The salt marshes and sand dunes provided ample opportunity to explore the adaptations of intertidal salt-tolerant higher plants and drought-tolerant higher plants, respectively. Both ecosystems also demonstrated succession of communities as the soil substrate conditions became less physically extreme inland. At Silver Bay we stopped for lunch, collected some litter and examined ray and nursehound eggcases.
The waters beyond Silver Bay were crystal clear. Here the rocky shore was dominated by evenly distributed tough barnacles and marauding dogwhelks that were distributed in clumps near rock crack havens. The darker gullies were again decorated with red crusty algae and, instead of sea squirts, bright patches of orange breadcrumb sponge and beadlet anenomes.
At Ynysoedd Gwylanod, the Beacon Islands, the resident seals basked contentedly in the sun. They were clearly well fed following another busy feeding session in the ebbing tidal currents. Our team was also feeling very content and ready for their post-course pint in the White Eagle Pub.
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On this fabulous day of sun, warmth and calm seas, Wolfgang and I set off for Porth Llechog (Bull Bay) to explore, by sea kayak, Anglesey’s beautiful north coast. Our plan was to head West, against the flooding tide to Llanbadrig church before venturing offshore to Ynys Badrig (Middle Mouse). Our return leg included a porpoise sighting and a curious grey seal. Gannets, choughs, auks, guls, cormorants and oystercatchers provided today’s aerial entertainment.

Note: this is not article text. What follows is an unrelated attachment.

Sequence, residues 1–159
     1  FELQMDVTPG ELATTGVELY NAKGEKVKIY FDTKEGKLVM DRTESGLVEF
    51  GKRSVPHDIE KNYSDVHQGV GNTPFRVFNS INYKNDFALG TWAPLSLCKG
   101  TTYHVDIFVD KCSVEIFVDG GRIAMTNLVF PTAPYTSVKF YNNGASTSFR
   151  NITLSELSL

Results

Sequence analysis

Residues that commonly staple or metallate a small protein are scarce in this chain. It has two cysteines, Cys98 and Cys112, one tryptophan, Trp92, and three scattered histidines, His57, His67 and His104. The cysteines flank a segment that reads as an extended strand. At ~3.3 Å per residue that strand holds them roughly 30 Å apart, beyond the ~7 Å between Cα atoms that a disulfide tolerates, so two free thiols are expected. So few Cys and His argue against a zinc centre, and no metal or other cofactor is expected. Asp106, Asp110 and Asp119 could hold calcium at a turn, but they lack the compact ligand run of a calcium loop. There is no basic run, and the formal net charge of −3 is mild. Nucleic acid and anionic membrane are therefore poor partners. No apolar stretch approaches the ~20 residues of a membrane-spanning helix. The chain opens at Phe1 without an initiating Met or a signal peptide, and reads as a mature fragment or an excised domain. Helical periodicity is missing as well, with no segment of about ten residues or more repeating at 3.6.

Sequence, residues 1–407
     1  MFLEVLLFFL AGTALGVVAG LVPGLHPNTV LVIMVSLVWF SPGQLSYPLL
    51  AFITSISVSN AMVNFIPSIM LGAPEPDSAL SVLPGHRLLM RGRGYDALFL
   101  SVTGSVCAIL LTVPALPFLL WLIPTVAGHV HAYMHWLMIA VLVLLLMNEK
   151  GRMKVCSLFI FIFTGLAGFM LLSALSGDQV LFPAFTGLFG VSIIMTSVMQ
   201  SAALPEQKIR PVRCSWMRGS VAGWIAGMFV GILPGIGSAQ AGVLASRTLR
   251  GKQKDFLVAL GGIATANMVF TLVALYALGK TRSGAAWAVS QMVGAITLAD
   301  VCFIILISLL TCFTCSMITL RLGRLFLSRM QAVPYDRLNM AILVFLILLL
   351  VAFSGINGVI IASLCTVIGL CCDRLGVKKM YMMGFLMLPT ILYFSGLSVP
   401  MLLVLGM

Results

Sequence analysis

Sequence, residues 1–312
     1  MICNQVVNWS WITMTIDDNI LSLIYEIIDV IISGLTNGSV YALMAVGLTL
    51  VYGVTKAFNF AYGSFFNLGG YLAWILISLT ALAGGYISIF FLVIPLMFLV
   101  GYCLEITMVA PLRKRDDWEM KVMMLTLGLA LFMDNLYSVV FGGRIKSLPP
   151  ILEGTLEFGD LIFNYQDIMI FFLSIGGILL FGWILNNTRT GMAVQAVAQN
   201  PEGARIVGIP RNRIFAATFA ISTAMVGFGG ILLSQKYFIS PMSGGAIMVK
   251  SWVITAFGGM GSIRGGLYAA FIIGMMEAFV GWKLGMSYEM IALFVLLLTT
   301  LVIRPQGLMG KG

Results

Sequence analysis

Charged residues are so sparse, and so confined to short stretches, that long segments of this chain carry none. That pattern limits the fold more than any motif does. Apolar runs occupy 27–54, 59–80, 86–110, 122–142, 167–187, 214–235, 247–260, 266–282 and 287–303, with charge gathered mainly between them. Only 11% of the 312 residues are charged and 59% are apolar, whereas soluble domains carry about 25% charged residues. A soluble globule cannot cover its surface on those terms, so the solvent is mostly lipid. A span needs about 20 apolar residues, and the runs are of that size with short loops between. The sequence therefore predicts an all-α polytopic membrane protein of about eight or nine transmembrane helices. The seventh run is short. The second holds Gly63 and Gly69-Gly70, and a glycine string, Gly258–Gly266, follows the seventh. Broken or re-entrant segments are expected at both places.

Ynys Badrig (Middle Mouse) in the distance
Ynys Badrig (Middle Mouse)
Porth Llechog (Bull Bay)
An atmospheric trip to The Skerries, from Cemlyn, with Ed. The spring ebbing tide and force 4 southerly winds provided wonderful sea conditions, particularly the superb surf at Carmel Rocks. At The Skerries the seals were as playful as ever and the puffins were back for the nesting season.